How To Make Friends and Influence Others — At the Office Holiday Party
Navigating office etiquette is complicated enough when you are seated in an crowded conference room, or having a private meeting with the boss. But at least it all comes with structure and rules — it’s the office. It’s work. You know how to act, and what to do. And then there’s that annual high-pressure trifecta of work, socializing, and drinking: the office holiday party. It sounds so straightforward. It’s the holidays. It’s a party. It may be full of colleagues, but hey — it beats a sales meeting, right?
Right, but it’s still a veritable etiquette minefield. So, whatever your company has planned for the holidays, here are some pointers to help you navigate your way through to New Year’s.
1) Show Up
Even if your idea of fun is more “A Very She & Him Christmas” on the record player at home than the entirety of “NOW That’s What I Call Merry Christmas” on the dancefloor, it’s important that you do show up, even if only for an hour.
2) Mingle All the Way
You get there, you’re feeling good, you see some of your closest colleagues in a huddle in the corner sipping eggnog, and you make a beeline for them, right? Resist. The holiday party is the perfect time to find people you don’t know and introduce yourself. Wear your most festive Rudolph sweater, guaranteed to disarm and charm.
3) Skip the Shop Talk
The holiday party should be a night off! Try and ask questions; talking about holiday plans, for example, is a no-brainer. That said, it’s still a work event, so maybe leave the politics, religion, sex, health problems, money worries, and all that good stuff at the door. Some appropriate topics include puppies, kittens, your favorite recent memes, whether Gritty is the greatest mascot of all time, and fun fan theories for the final season of Game of Thrones (but no spoilers, please).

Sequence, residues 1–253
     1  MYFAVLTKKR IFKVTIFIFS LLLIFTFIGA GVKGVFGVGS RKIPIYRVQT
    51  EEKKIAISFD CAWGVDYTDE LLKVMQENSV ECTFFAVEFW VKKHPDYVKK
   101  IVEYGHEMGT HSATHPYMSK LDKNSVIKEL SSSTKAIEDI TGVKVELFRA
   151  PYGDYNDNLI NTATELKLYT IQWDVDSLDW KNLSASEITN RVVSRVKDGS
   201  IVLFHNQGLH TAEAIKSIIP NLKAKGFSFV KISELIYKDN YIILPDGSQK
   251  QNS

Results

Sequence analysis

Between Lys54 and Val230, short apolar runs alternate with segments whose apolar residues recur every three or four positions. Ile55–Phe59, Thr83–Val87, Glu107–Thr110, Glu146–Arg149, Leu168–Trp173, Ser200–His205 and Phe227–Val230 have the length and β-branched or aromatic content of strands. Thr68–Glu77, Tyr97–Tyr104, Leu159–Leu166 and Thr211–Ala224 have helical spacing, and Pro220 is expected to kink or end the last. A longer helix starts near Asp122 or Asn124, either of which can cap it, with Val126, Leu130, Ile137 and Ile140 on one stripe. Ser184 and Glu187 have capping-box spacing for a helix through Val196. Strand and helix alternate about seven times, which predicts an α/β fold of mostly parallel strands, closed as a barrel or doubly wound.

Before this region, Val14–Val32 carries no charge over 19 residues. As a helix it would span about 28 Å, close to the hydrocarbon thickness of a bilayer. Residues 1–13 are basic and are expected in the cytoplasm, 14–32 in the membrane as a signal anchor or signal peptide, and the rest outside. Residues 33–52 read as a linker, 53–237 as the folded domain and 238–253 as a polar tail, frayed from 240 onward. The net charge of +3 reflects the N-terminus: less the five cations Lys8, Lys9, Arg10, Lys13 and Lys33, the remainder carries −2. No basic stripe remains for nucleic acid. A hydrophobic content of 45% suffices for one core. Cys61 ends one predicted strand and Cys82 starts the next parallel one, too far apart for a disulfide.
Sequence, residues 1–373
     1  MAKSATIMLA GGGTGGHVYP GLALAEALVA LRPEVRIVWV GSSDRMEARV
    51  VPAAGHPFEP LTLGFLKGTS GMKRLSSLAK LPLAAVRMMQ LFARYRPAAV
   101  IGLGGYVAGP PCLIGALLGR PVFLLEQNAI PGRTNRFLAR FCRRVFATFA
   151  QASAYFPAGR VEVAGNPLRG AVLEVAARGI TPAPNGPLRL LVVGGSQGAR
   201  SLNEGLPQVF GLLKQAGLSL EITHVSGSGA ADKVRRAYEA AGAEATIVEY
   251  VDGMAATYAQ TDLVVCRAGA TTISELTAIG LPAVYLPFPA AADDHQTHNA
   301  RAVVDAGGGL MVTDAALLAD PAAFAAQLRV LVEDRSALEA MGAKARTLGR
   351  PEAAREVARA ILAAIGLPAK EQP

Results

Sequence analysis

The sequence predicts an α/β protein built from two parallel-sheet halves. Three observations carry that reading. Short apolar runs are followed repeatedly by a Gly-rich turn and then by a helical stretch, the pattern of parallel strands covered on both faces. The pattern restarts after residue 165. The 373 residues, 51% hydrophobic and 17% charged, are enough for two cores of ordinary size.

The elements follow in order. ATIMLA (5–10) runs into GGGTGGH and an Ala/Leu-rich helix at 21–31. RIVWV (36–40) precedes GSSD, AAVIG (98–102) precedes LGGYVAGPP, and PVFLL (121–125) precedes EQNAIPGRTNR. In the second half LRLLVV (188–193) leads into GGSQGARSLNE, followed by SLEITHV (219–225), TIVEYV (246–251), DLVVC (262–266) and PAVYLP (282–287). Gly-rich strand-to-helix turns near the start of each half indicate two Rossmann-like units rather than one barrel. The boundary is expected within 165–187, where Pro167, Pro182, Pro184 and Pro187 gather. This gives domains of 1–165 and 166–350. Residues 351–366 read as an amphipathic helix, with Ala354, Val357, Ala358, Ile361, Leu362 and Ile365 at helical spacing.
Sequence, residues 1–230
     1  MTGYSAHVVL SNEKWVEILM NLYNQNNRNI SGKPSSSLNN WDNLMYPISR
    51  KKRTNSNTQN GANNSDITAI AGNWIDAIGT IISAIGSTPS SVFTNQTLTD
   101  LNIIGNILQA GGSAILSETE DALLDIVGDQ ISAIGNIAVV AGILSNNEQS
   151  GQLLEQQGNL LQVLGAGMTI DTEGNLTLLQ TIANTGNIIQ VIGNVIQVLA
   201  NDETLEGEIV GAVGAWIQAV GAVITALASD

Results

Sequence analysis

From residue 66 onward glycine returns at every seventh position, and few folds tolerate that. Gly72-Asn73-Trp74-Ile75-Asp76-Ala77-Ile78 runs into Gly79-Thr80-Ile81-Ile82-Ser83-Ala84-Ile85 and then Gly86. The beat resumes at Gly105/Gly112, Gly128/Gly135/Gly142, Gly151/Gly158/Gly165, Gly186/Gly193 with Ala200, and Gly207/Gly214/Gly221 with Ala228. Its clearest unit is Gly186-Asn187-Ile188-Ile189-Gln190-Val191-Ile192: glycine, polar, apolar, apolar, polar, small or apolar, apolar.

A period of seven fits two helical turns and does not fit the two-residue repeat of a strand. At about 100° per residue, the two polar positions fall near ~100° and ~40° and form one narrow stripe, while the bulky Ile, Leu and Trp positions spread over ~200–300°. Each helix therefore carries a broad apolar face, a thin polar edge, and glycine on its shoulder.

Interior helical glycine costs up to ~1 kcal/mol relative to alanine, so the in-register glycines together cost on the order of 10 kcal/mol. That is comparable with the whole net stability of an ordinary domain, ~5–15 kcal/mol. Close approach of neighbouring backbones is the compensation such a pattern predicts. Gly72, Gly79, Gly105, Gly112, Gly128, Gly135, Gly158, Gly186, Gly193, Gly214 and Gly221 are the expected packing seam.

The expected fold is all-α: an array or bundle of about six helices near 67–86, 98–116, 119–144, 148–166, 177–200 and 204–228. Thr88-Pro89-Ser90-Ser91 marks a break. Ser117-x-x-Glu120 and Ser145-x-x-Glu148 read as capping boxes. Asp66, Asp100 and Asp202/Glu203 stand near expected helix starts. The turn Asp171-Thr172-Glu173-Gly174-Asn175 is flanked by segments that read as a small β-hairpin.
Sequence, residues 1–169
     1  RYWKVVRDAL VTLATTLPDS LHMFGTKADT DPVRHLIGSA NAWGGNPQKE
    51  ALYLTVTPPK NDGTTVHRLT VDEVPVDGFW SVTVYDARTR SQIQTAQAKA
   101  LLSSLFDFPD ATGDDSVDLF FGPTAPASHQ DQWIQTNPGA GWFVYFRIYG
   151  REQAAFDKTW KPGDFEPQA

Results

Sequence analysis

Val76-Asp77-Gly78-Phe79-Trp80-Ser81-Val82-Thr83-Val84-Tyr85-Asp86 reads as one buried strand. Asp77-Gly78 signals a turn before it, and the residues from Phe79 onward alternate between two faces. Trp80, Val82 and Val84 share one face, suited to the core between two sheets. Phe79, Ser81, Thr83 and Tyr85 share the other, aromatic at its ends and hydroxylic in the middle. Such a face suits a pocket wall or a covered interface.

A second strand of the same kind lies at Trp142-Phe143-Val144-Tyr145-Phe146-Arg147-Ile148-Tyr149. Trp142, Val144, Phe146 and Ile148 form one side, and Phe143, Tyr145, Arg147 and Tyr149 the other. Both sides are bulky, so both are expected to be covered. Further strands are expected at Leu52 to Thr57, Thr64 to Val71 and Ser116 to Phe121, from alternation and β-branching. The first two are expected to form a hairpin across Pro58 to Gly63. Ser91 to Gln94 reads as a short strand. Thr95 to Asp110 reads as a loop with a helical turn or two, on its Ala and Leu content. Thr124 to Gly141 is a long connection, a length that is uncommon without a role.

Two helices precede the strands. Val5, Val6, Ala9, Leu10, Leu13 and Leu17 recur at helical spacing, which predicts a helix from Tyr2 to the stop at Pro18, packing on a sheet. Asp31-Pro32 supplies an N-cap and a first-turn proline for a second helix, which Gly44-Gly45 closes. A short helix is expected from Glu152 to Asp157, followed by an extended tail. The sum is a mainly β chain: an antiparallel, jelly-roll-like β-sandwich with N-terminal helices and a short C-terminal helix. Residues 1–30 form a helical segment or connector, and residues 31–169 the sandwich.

4) Know Thy Limits
There’s a good chance the event will have an open bar. But it’s not the Whole Foods buffet, restrain yourself! Should you grab that fourth mug of mulled wine? Maybe at a party with your pals, but probably not at this one.
5) Don’t Make a Meal of It
The same applies to the food. If it’s light hors d’oeuvres, it’s not meant to be dinner. If it’s more substantial, it’s still important not to eat like it’s your last meal. Take it easy — free food does not mean a free-for-all.
7) Give Your Plus-One the Lowdown
The potential addition of husbands, wives, dates, and friends adds another twist to the etiquette obstacle course. Give your guests a heads up about what (and whom) to expect at the party and maybe offer tidbits during introductions. Your spouse is a competitive LARPer, your date isn’t a doctor but plays one on TV, etc., etc.
Office parties might be fraught, but they can also be really fun. It’s possible to have a good time AND maybe even help your career too. Go forth and be merry!